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Acoustic Shock Therapy for Cellulite? Maybe.


Rapid Acoustic Pulse (RAP) is FDA cleared as an adjunct to treat tattoo removal — cellulite could be next.

Rapid Acoustic Pulse (RAP, Soliton), a technology that uses rapid pulses of acoustic waves, is FDA cleared to use as an adjunct to lasers for tattoo removal. The platform’s maker Soliton is investigating the device for other indications, including to treat cellulite, reasoning that noninvasive mechanical stress from the device’s shockwaves might effectively treat cellulite and some scars at the cellular level.

Soliton announced in early November that it completed a trial of 67 cellulite patients using RAP technology. In the company’s initial proof-of-concept (POC) clinical trial, researchers applied the RAP device to the surface of skin with cellulite for a single 20-minute noninvasive treatment. Treatments required no anesthesia, caused no bruising, swelling or infection, and were evaluated by the trial participants as an average of 2.4 on a 0 to 10 pain scale. None of the patients experienced any post-treatment downtime, according to Soliton.

In the POC cellulite trial, the single RAP treatment improved patients’ cellulite severity scores on average from 20% to 47%, according to a recent Soliton investor report.

“We also saw that those results improve even further in 80% of the patients after 6 months suggesting that we may be capable of delivering long-term cellulite reduction,” according to the report.

Histology from an animal study by the company showed evidence that a single 2-minute treatment with RAP completely destroyed or severed fibrous septa in treatment areas. Soliton literature refers to this treatment as acoustic subsicion, which in this case describes RAP’s ability to potentially sever fibrotic septa without breaking the skin.

RAP technology is different than that of extracorporeal shock wave therapy devices on the market, according to a study published September 19, 2019 in Lasers in Surgery and Medicine in which researchers looked at using RAP along with the 1064 nm Nd:YAG Q-switched laser for tattoo removal. Extracorporeal shock wave therapy technologies are like kidney stone lithotripsy devices, which often have reflectors that focus the pressure pulse at very high pressures into an area that is about 2 mm to 3 mm in diameter. With these devices there is risk for nearby tissue damage and pain, according to the study.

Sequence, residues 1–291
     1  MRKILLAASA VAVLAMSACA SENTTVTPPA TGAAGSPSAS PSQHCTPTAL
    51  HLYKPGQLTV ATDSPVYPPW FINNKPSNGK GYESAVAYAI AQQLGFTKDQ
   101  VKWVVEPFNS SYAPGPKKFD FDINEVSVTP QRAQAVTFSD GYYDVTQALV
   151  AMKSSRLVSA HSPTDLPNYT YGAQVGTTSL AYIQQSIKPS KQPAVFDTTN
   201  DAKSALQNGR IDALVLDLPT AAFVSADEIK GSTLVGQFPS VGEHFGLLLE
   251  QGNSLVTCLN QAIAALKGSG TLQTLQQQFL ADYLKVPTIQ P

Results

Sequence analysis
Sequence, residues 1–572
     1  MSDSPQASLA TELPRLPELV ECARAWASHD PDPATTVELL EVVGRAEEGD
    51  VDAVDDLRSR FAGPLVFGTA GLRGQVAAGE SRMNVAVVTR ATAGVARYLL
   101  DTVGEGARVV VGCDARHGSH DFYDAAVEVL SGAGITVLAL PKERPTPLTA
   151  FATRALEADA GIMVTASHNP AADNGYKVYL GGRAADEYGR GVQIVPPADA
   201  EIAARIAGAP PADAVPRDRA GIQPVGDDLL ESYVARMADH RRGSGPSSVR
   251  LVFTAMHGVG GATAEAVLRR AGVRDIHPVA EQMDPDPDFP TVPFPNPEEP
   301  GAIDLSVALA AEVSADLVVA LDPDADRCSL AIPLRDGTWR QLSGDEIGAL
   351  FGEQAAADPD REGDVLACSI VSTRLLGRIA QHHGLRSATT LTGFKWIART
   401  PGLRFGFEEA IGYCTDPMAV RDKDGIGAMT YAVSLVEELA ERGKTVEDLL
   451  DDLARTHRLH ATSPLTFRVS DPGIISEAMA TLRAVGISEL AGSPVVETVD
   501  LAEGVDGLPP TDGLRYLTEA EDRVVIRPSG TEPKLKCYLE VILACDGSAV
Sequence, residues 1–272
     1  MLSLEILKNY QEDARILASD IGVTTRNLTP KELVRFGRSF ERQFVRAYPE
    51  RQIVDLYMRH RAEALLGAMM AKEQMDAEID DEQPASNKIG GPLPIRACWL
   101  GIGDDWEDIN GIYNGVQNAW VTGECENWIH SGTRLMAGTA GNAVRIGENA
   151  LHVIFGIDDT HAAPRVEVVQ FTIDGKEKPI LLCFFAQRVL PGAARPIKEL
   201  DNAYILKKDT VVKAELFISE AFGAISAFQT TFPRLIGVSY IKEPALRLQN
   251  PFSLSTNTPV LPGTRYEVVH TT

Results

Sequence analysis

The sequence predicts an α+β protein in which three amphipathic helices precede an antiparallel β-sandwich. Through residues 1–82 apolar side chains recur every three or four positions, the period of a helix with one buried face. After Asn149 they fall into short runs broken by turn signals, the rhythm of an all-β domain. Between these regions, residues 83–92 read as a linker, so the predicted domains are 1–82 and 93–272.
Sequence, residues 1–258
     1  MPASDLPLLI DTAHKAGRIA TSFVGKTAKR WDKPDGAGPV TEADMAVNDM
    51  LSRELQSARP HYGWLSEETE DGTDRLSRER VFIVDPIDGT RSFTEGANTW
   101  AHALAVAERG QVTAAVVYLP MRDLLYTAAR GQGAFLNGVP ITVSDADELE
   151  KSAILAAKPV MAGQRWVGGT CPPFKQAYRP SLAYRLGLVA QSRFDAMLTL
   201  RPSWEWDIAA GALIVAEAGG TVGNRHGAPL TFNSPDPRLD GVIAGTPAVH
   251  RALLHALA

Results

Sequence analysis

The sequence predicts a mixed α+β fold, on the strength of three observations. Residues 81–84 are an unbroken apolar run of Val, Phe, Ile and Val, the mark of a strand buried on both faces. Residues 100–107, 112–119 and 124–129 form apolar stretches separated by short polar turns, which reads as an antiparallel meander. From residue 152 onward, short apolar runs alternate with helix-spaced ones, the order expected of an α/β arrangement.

There also are devices categorized as therapeutic massagers that usually have slow pressure rise times, low peak pressures and relatively low pulse rates of 10 to 20 per second, according to the authors.

The RAP device differs in that it generates planar acoustic shock wave pulses across a 1.3-inch diameter treatment window, which allows providers to treat larger areas at once, using a fast pulse rate of 100 per second and resulting in shorter treatment times, the authors write.

“Additionally, the RAP pulses are very short in duration (100–200 nanoseconds) with fast rise and fall times to relatively high peak pressures and minimal negative pressures (some other devices have large negative pressures during each pulse cycle that cause cavitation bubbles resulting in pain),” they write.

In their tattoo removal study of 32 black ink tattoos on 21 participants, researchers reported the RAP device used with the 1064 nm Nd:YAG Q-switched laser safely allowed multiple laser treatments in a single office visit by clearing the whitening caused by the previous laser pass. The result, according to the authors, was a notable increase in tattoo fading compared to using the laser alone.

Soliton has plans to analyze data from the larger cellulite pivotal trial in the first quarter of 2020. The RAP device is not yet cleared for treating cellulite or scars.


Kaminer MS, Capelli CC, Sadeghpour M, et al. Increased Tattoo Fading in a Single Laser Tattoo Removal Session Enabled by a Rapid Acoustic Pulse Device: A Prospective Clinical Trial. Lasers Surg Med. 2020;52(1):70-76.

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